Thursday, 15 April 2010 19:27
A very important factor in any business is how you manage risk – yet it is a factor that is often ignored by home businesses.
You have to realise that any time you start a business, you are taking the risk that the business might fail. What experienced people do is shield themselves from risk at every opportunity, to make sure that they can keep a business going for months on the brink of disaster, and wind it down gracefully if it really has to go under.
You need to have a plan for what you’re going to do if your business looks like it’s going bankrupt. Are you going to borrow more money, if you can? Sell your car? Raise prices? Get rid of staff? Done right, you should have a good package of ‘rescue measures’ that really do have a chance of rescuing the business.
If you need to borrow more to keep your business afloat, take great pains to avoid looking desperate. Act like your business is moderately successful but needs more investment, and you’re far more likely to succeed in getting more funding.
This is a bad idea, but not always a terrible one. In a home business, you presumably only take on staff because you have enough business to cover it, don’t you? So it makes perfect sense to get rid of the staff when things start to go wrong and go back to doing it all yourself.
When your business is in trouble, there are few things guaranteed to destroy it faster than a price rise. Just don’t do it, however tempting it might be – cut costs instead. If you absolutely must raise prices, do it by scaling back what you get for your money in each of your price ranges, without actually raising the prices.
I know of a struggling bus company that kept its fares the same for years but gradually started to run fewer buses and send them all over town, making journeys take longer. People reacted a little badly to the longer journeys, but it was nowhere near the scandal that there would have been if prices had risen.
Keep Staff Pay Aside.
Whatever you do, make sure to keep staff pay separate from the other business finances, and pay it out immediately if the business looks to be heading for trouble with its creditors. It is far better to be paying your staff on the last day than to be giving all that money to the creditors. Leaving staff unpaid will destroy your reputation, not to mention hurting a lot of innocent people.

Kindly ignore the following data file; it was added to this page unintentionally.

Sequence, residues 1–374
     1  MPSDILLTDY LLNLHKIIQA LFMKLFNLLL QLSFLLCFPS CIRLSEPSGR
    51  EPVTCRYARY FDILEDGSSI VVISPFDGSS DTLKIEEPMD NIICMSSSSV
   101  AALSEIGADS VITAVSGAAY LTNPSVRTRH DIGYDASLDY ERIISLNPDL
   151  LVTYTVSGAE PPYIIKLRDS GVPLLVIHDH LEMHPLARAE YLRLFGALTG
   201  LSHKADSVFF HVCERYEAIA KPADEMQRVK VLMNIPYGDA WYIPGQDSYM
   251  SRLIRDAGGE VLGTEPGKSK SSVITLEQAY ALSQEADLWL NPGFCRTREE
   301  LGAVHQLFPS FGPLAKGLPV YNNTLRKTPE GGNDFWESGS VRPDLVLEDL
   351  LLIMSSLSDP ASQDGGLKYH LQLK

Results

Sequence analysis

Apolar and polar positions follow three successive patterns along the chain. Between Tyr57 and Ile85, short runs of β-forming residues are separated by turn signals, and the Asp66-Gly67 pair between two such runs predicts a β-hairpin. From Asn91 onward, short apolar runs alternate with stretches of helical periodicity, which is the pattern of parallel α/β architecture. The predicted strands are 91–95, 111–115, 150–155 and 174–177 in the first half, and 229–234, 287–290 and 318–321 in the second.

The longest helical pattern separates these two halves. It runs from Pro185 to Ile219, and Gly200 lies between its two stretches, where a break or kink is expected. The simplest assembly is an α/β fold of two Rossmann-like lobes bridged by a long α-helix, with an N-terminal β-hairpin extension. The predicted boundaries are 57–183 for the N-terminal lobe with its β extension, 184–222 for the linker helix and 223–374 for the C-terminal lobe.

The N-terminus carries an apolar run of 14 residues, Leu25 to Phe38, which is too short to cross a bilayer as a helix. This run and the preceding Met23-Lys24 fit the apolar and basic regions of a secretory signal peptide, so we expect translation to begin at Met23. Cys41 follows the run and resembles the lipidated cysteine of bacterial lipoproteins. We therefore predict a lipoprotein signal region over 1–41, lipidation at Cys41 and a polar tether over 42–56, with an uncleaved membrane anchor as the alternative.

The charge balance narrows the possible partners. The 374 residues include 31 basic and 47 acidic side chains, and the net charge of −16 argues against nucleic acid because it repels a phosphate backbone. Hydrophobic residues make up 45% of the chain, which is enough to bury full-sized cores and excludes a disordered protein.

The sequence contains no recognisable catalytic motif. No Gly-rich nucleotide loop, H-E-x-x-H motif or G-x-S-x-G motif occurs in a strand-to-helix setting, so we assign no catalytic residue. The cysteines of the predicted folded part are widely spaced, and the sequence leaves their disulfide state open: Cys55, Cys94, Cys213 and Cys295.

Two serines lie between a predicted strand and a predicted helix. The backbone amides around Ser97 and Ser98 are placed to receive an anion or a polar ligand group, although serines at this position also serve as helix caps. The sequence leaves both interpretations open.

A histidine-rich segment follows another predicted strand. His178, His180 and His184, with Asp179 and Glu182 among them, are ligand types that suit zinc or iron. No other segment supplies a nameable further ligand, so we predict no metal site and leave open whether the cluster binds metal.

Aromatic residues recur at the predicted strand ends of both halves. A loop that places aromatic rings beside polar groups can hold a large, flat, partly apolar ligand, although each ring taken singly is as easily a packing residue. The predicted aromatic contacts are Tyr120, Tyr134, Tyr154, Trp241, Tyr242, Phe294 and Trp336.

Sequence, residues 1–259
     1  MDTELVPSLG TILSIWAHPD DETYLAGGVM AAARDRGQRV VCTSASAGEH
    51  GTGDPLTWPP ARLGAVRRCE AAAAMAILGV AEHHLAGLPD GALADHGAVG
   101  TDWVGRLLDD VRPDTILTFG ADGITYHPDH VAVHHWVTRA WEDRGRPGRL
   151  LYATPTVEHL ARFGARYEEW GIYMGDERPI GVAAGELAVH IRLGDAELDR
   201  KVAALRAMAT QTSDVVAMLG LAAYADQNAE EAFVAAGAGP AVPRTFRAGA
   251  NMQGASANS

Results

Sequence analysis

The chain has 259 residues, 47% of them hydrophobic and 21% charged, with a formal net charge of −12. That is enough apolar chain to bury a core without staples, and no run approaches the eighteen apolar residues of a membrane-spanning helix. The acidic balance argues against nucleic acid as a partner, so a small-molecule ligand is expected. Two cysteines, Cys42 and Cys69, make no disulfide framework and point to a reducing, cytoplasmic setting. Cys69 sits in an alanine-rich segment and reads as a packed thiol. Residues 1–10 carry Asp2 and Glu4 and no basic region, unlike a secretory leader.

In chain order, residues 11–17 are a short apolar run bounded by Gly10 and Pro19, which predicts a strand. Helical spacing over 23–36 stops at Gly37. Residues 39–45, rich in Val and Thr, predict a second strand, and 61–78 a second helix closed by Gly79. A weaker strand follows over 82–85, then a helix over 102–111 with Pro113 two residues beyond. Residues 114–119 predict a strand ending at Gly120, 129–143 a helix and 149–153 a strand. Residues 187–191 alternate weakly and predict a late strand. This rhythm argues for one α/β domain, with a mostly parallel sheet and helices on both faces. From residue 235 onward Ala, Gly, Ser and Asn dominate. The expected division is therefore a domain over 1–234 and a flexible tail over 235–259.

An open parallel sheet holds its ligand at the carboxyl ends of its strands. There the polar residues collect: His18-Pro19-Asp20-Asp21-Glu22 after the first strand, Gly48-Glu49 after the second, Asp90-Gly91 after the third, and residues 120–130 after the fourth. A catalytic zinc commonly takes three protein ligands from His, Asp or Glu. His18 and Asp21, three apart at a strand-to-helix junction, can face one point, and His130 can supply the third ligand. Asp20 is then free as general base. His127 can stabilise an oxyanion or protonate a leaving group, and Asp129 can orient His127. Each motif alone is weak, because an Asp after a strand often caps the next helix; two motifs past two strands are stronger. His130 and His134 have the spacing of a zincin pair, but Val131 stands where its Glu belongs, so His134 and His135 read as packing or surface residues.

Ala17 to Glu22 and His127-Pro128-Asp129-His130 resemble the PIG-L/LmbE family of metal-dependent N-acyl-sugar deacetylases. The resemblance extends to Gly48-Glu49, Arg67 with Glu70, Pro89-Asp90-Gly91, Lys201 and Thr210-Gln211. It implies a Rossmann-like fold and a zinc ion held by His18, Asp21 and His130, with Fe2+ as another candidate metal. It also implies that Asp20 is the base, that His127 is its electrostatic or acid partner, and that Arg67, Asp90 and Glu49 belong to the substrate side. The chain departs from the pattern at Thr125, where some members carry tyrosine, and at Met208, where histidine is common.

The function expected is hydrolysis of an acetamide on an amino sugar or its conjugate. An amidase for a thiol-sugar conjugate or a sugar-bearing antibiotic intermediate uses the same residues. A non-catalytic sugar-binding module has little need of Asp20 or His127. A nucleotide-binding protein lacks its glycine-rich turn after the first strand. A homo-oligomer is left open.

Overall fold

The ‘Closing Down’ Sale.
If you plan it well, your last day in business might not be so bad. Just make sure everyone knows that you’re closing down for real, but still price everything ever-so-slightly above cost. In this way, you can avoid the drastic loss-making ‘Everything Must Go!’ mentality, and come out of your business the same way as you would if you’d decided to shut it down that day for some other reason.
Selling Your Business On.
If you’re shrewd about it, you might be able to keep your business going long enough to sell it to someone who could turn it around. There’s nothing dishonest about this route – it’s the one most big companies take if things start to go wrong. You might even find that one of your competitors is willing to buy, even if only for your established customer base.
It’s Up to You.
Disaster plans are very personal, and they depend a lot on how much risk you’re willing to put on yourself. If you do things the sensible way, then you’ll go as far as you can to avoid selling or borrowing against any of your own assets just to keep a business afloat. On the other hand, if you’re really determined and a bit of a risk-taker, putting some things of your own at stake might buy you enough time to recover from whatever hit your business.
It’s a little like playing poker: are you going to be the guy who walks away and leaves his money on the table, or are you going to throw your car or house keys onto the table and raise the stakes? That’s risk management for you.
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